Speech by Dube Tshidi, Executive Officer, Financial Services Board delivered at the Numsa Gala Dinner, 7 June 2012

Good evening Ladies and Gentlemen

As usual, it is an honour for me to be with you this evening and to address you on the “ever important” matter of retirement funds.

This is a matter that touches all of us, during the time of active employment and during our inactive retirement time; it is a matter that requires our attention through and through!

Organised labour has over the years played an important role in the evolution of the retirement legislation and the industry.

In legislation – in the that amendments that introduced the involvement of members of funds in the management of retirement funds, Labour was involved;

The introduction of the surplus legislation, Labour was involved; The introduction of provident funds, Labour was there as well;
New legislative developments! Labour should be there!

In industry matters – Labour is a serious stakeholder in the industry body called the IRF.

Clearly all these things demonstrate how the FSB and National Treasury value the role and contribution organised Labour plays.

Organised Labour’s role in the retirement funds space should be for all the funds, and not for one or some funds.

The reason for this is that, legislatively unions do not have a place at the operational level of funds; that is the role of the trustees of each fund, but at global level, yes, it has a huge role to play.

This of cause begs the question what about a union member who gets deployed by a union to become a trustee of a union established fund.

Is he representing the union and its interests in the fund? The answer is NO. What about an FSB employee who is a trustee in a fund? Is she representing the FSB’s interests?

The answer is NO. Retirement funds have interests for member of the funds only.

Only trustees have the duty to protect those interests and no one else. The moment you become a trustee, no matter how you get there, you have to protect the interests of the members. You represents no constituency.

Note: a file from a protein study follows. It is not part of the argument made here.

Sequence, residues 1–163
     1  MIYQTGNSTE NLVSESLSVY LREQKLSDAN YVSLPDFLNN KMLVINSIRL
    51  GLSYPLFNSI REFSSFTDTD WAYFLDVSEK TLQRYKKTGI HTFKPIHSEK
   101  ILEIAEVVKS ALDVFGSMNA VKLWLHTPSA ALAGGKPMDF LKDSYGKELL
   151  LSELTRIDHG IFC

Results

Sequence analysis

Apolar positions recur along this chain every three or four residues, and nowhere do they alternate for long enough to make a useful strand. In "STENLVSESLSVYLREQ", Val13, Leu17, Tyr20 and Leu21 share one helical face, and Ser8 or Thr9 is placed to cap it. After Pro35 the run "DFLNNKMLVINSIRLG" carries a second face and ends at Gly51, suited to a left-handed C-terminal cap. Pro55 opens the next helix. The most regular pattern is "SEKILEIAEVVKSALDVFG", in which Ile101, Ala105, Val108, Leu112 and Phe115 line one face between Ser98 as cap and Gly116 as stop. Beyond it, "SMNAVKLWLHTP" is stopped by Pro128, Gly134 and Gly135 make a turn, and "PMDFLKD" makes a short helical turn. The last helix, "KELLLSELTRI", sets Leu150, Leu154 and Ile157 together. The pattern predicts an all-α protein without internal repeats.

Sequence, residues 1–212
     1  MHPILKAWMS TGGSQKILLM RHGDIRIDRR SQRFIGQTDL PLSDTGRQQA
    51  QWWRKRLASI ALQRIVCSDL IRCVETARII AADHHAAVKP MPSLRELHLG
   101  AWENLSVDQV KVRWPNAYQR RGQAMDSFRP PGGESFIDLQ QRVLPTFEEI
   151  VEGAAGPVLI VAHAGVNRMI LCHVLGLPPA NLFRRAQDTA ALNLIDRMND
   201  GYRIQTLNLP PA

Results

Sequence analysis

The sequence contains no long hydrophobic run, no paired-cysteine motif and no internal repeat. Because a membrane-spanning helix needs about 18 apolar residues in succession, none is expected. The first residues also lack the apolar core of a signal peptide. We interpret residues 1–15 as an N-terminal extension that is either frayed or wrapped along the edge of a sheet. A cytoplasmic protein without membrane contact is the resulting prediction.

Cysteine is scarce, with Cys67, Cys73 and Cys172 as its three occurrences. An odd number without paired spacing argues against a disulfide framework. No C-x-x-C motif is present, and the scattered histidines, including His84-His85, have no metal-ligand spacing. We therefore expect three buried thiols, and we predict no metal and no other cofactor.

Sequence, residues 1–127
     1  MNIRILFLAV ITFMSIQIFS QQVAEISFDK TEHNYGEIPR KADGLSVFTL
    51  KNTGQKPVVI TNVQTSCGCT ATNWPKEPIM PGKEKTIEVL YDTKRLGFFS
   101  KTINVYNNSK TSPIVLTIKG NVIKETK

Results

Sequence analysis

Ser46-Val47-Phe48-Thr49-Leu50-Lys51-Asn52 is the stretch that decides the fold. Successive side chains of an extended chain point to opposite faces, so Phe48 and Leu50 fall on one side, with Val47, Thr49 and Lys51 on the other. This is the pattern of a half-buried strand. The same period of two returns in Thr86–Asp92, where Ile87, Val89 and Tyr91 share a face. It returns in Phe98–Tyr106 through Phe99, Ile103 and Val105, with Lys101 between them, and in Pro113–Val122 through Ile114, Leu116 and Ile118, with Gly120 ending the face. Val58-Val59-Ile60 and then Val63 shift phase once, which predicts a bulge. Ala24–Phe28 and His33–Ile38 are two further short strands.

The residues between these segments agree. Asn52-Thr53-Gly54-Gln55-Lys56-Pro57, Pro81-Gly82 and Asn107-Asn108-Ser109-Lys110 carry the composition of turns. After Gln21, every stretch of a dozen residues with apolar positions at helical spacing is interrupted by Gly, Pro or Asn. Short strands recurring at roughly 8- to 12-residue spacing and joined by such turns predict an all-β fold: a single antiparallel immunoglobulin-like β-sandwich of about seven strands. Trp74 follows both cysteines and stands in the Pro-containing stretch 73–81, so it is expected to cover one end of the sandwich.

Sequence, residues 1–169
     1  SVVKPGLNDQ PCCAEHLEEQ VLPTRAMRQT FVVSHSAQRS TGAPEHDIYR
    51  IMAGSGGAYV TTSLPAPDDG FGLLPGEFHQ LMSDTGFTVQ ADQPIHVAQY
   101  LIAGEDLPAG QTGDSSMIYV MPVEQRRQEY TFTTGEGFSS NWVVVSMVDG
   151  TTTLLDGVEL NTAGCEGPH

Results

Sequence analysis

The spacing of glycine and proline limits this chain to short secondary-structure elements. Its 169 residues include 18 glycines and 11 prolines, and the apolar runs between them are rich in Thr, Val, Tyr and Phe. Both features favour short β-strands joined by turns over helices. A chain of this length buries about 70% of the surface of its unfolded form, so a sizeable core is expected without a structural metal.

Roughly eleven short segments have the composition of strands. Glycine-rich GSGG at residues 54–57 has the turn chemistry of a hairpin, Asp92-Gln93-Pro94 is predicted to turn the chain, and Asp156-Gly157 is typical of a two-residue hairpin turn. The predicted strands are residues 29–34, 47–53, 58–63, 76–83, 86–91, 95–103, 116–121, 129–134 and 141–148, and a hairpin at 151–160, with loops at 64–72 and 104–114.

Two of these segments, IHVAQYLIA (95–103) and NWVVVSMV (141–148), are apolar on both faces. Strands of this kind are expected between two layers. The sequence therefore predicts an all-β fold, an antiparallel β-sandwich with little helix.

Boards of funds are made up of representatives of both the members and the employers of which at least 50% shall come from members. There is no legal requirement for equal representation, members are legally allowed to have more representatives than employers.

In the performance of their duties, trustees may use the expertise of professionals. So, the power vests with the trustees and not “industry professionals”.

But funds must have experienced trustees who are not going to succumb to the trickery of “industry professionals”.

In looking after the interest of the members of the funds and engaging with professionals, trustees must comply with all the requirements of Regulation 28.

The revised Regulation 28 allows trustees some flexibility to invest in areas previously not catered for. This may be not enough but for now it suffices.

With the wisdom of the trustees together with the guidance provided by Regulation 28, the R1,5 trillion of retirement assets can be utilised for active participation in the South African economy.

When doing this however, trustees must make sure they comply with Regulation 28 requirements and that the mandates they craft are clear and unambiguous. Fees must be interrogated and compared.


Currently there is no policy and legislation to deal with unclaimed benefits from all the industries. The matter, however, will receive attention at some point.

The FSB considers it necessary that partnerships to deal with matters of consumer education, consumer awareness and money management programmes are formed.